Repairing household lamps that don't work properly is easily done. Available at any well-stocked hardware or electrical store, the plug and cord are simple and inexpensive to replace. Installing a light socket is just as easy. Replacement sockets come in various finishes so you should be able to find a socket that is similar to the color tone of the existing socket.
Lamp cord is known as Type SPT, or zip cord. The #18 size is satisfactory for most lamp applications. Zip cord is available in many colors, the most common being black, brown, white, and transparent. Match the cord color to the lamp stand or the wall that holds the receptacle. The customary length is 6 feet, but you can use as much cord as you need to reach from the lamp to the receptacle.
To figure out how much cord to buy, calculate the length of the cord (including cord that is hidden in the lamp), and add 1 foot for attachments to socket and plug and for slack. In terms of safety and appearance, it's better to have an adequate length of cord than to compensate for a short one with an extension cord.
Check out the next page for the first step.
Pull plug out of wall socket. You should never do any work while lamp is connected.
Next, we'll work on taking out the bulb.
Remove shade, unscrew bulb, and squeeze socket shell at switch to separate shell and cardboard insulator from socket cap. If you plan to reuse socket, do not use screwdriver to pry socket apart. Pull socket out of shell as far as attached wire permits. If this doesn't give you enough wire to work with, push cord up from bottom of lamp for additional slack.
Next, we'll work on removing the socket.
Loosen socket's terminal screws, and remove cord wires from under them. If lamp is small and cord goes through in straight path, slide old wire out, and feed new wire through from either end to the other. If old cord offers any resistance at all, don't tug on it. Check to see if you can disassemble lamp to make removal easier. Also, make sure cord is tied in knot to keep it from being pulled out at its base.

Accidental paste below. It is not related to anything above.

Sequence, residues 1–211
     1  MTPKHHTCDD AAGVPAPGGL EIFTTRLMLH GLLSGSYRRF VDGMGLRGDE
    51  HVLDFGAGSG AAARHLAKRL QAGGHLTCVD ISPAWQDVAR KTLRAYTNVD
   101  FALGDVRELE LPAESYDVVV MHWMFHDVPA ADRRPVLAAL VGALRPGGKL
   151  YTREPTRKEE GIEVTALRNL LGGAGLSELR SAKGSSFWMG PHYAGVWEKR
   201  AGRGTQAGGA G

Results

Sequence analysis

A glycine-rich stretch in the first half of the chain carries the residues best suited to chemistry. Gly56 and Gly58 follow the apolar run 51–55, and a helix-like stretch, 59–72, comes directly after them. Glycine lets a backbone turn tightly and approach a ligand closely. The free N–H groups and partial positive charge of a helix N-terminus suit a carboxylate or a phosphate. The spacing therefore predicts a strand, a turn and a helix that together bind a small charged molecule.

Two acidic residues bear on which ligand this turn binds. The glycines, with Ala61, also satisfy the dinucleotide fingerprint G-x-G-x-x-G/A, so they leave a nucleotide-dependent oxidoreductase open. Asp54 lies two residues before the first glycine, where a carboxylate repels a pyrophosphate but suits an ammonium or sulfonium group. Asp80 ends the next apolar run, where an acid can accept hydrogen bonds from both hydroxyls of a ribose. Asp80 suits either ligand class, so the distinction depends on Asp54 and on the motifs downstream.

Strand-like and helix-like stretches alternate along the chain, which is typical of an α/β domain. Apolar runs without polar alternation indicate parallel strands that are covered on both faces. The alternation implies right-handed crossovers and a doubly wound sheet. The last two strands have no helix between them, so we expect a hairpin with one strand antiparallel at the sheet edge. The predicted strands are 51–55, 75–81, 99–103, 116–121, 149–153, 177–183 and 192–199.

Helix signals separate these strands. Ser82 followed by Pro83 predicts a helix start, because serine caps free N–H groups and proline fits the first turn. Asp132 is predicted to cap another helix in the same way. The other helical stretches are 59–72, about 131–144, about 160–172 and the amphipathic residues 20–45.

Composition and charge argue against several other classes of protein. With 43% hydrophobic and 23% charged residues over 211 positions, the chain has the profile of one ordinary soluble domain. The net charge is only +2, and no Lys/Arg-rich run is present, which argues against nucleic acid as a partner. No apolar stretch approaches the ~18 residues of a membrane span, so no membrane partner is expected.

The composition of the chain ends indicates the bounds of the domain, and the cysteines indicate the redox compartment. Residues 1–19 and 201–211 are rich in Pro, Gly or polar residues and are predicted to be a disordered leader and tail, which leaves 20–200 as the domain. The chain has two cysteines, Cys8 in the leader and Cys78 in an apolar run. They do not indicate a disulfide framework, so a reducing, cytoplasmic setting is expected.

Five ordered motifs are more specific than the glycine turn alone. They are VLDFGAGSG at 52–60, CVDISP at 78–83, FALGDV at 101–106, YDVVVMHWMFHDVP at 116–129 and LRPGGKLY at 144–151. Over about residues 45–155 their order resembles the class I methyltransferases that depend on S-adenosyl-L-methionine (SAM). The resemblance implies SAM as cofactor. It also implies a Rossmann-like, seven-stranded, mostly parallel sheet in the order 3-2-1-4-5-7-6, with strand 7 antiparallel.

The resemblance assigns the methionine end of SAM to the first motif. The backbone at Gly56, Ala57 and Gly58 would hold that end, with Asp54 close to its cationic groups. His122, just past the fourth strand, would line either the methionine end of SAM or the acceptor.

To remove tight cord, cut wire off about 12 inches from lamp's base, slit cord's two conductors apart, and strip about an inch of insulation off ends. Do the same to one end of new length of cord.
Twist bare new and old conductor ends together, and fold twists flat along cord. Wrap electrical tape around splice. Pull on old cord from top of fixture, and work new cord through; at same time, push on new cord from bottom. When you have sufficient length of new cord through top, clip off old cord.
Once you pass new cord through lamp, split end so you have about 3 inches of separated conductors. Use wire stripper tool to strip about 3/4 inch of insulation from end of each conductor, then twist strands of each together. Be careful not to nick strands when you strip insulation.
Bend twisted end of each wire into clockwise loop, and place each loop under terminal screw on socket with loop curled clockwise around screw. Tighten terminal screws. As each screw is tightened, clockwise loop will pull wire tighter under screw head. (A counterclockwise loop would tend to loosen wire.)
Clip off excess bare wire with diagonal cutters. All uninsulated wire must be under screw heads, with no loose strands or exposed bare wire. If bare wire is visible beyond screw heads, unscrew terminals, remove wires, and make connection again.
Slide socket shell over insulator, and slip shell and insulator over socket. Then snap shell and socket into cap.
Install quick-clamp plug on other end of cord. Stick end of cord into slot on side of plug, and push down on lever at top. Metal prongs inside plug will bite through cord's insulation, piercing copper wires to make electrical connection. If you use screw-type plug, prepare wire ends just as you did when making socket screw connections, then knot them together. Loop each wire around prong of plug before tightening bare end under screw head. Knots and loops keep wires from accidentally touching each other and also make it more difficult to loosen connections by pulling on cord.
Next, we'll finish our project.
Tighten wires under screw heads, and clip off any excess uninsulated conductor before you plug in lamp.
Now that you know how to rewire a lamp, we'll shed some light in the next section on how to replace an incandescent fixture.
When it rains, it pours. And when that rain pours into your basement, that's bad news. HowStuffWorks tells you ways to keep that rain out.